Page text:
About Projection Screens

 
Why The Choice Of A Front Projection Screen Is So Important

Because the screen is the final element in the picture delivery system, the choice of projection screen could be the most important decision you make in your home theater design process. We have seen the quality of many home theater rooms compromised because of improper screen selection. We recommend spending some time reading up about projection screens before you choose one. We have included the names, physical addresses and web addresses of the top four screen manufacturers below to help you.

Da-Lite Screen Company offers a number of excellent educational and selection guides to consumers. Ask for their booklet, Selecting Front Projection Screens For Today's Presentation Applications ,and their educational guide Angles of View. Da-Lite Screen Company, 3100 North Detroit Street, PO Box 137, Warsaw, IN 46581. 219-267-8101.
http://www.da-lite.com/

Draper Shade and Screen has a Home Theater Products brochure that you can call for. Draper Shade and Screen Co. Inc., PO Box 425, Spiceland, IN 47385. 317-987-7999. http://www.draperinc.com/

Stewart FilmScreen has a number of guides available. Also ask for their Home Cinema brochure.Stewart FilmScreen Corporation, 1161 West Sepulveda Blvd., Torrance, CA 90502 800-762-4999. http://www.stewartfilm.com/

Vutec Corporation has a literature packet that describes all of their products. Individual screen product sheets are included that illustrate screen options available and physical mounting details.Vutec Corporation, Video Products Division, 5900 Stirling Road, Hollywood, FL 33021, 800-770-4700. http://www.vutec.com/

 

The Different Types Of Projection Screens Available

Front Projected Flat Screens: The other type of screen, and far more popular in home theaters, is the flat variety. These are very popular because they more closely resemble their counterparts in commercial theaters. (As a matter of fact, in some applications, home theater screen material is exactly the same as used in commercial theaters.)

The most common version of flat screen is the manual rolldown type. These screens operate similar to window shade. You pull them down for use and let them roll up when the show is over. They are simple to use and are inexpensive. All the major screen manufacturers offer versions of manual rolldown screens.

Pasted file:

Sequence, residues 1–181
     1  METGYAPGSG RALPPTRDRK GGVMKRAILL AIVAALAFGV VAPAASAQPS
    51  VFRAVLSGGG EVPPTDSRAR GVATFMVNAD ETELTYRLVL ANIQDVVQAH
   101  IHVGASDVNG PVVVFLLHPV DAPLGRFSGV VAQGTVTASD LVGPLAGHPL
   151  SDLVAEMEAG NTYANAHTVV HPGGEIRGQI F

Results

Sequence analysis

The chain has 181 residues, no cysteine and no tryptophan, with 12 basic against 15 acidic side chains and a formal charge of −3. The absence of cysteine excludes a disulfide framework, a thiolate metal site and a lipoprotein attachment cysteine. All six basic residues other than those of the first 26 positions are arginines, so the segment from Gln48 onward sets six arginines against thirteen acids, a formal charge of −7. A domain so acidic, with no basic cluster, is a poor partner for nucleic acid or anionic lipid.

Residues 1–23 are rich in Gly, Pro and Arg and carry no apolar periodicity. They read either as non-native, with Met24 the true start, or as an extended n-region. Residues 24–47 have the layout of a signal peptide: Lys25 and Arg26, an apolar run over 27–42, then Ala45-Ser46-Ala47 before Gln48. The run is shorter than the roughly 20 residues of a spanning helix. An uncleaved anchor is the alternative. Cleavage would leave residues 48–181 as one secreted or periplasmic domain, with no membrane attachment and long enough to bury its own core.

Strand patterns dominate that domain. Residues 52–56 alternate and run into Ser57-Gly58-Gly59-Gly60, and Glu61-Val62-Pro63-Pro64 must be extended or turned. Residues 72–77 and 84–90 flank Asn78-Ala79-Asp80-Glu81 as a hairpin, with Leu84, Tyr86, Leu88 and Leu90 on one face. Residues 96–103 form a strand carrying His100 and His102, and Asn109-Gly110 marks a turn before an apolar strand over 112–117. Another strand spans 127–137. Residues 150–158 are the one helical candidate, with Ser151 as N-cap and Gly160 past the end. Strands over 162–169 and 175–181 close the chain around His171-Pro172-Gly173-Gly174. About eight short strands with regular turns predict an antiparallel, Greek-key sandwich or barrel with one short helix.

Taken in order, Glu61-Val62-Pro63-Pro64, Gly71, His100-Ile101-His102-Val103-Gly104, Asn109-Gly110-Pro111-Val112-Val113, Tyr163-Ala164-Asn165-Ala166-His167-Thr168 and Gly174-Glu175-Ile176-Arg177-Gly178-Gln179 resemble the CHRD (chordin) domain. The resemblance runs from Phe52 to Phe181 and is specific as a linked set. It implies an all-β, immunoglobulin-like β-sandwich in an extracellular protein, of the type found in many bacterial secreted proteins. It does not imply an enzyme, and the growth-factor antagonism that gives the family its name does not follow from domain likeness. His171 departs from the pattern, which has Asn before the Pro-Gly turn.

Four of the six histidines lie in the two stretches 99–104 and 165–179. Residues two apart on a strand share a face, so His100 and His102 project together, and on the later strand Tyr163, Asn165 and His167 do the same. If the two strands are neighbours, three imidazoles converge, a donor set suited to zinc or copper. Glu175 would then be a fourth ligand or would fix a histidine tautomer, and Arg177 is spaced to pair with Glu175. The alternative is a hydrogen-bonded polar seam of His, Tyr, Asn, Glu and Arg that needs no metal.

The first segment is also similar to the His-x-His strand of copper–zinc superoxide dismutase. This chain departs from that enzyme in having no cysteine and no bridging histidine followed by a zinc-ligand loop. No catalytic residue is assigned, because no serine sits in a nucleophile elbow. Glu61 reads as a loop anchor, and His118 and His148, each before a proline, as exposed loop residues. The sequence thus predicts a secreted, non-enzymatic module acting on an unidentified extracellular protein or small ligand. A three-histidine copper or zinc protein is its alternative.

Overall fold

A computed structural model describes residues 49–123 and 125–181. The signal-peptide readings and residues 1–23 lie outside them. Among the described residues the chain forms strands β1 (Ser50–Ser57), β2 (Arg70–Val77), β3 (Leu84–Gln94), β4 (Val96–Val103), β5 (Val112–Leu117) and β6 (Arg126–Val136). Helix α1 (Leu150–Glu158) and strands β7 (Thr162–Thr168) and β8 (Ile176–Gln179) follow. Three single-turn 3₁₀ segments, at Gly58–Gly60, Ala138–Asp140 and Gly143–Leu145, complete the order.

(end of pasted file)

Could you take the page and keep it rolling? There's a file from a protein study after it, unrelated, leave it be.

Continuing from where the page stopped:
A popular variation of the manual rolldown screen is the motorized version. These screens are generally connected to a 120VAC power source and can be lowered and raised via a switch. Many home theater installers go a step further and wire them to a relay that automatically lowers the screen when the system is turned on.

For those who want the pizzazz of motorized operation but are unable to cut holes in the walls and run AC power around (such as those who rent), Da-Lite corporation offers a unique solution. They have a battery operated rolldown screen that is infrared controlled and is charged via the standard AC wall adapter transformer. The advantage is that you can hang this screen on the wall with a minimum of effort and lower it with a learning remote control.

The standard rolldown flat screen comes in a material that is a matte (flat) white color with a gain of one. This material has excellent projection characteristics and a wide viewing angle. For those who who want a slightly brighter picture, various manufacturers offer flat screens with higher gain materials. These partially reflective surfaces offer brighter images, but at the expense of viewing angle. In addition, you have to be careful with some of the higher gain materials because you can run into a "hot spotting" side-effect that can be very distracting. (See our illustration on the next page)

Because a natural tendency of some screen materials is to curl a bit on the edges, many of the manufacturers offer "tab-tensioned" screens. These screens sport external suspension wires that pull the screen surface taut and thus eliminates screen wrinkles and edge curl. Tab-tensioned screens are offered in electric rolldown models from all the major manufacturers. Stewart filmscreen offers a manual tab-tensioned screen for those who do not need the motorized option.

For those who don't need the flexibility of rollup screens, there is another option; stretched flat screens. The surface material of these screens is a flexible vinyl sheet that stretches tight, like a drum head, over a black anodized aluminum frame. Because they are literally stretched taut over their frames, the surfaces of these screens are ultra-flat. And because these screens are simple in construction, they are very affordable and are ideal for dedicated home theater rooms. Keep in mind that flat screens are very sensitive to light in the room, thus flat screens tend to look best in dark rooms. If you can control the room lighting, (i.e. with drapes, blinds and light dimmers) then flat screens are an excellent screen choice.